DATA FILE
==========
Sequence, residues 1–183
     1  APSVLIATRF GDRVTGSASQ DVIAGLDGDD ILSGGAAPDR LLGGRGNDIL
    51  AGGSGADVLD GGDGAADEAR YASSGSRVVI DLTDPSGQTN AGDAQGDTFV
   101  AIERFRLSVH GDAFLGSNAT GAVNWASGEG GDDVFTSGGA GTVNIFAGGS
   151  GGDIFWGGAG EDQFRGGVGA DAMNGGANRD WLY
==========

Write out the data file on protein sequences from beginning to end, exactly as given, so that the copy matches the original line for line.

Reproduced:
Sequence, residues 1–183
     1  APSVLIATRF GDRVTGSASQ DVIAGLDGDD ILSGGAAPDR LLGGRGNDIL
    51  AGGSGADVLD GGDGAADEAR YASSGSRVVI DLTDPSGQTN AGDAQGDTFV
   101  AIERFRLSVH GDAFLGSNAT GAVNWASGEG GDDVFTSGGA GTVNIFAGGS
   151  GGDIFWGGAG EDQFRGGVGA DAMNGGANRD WLY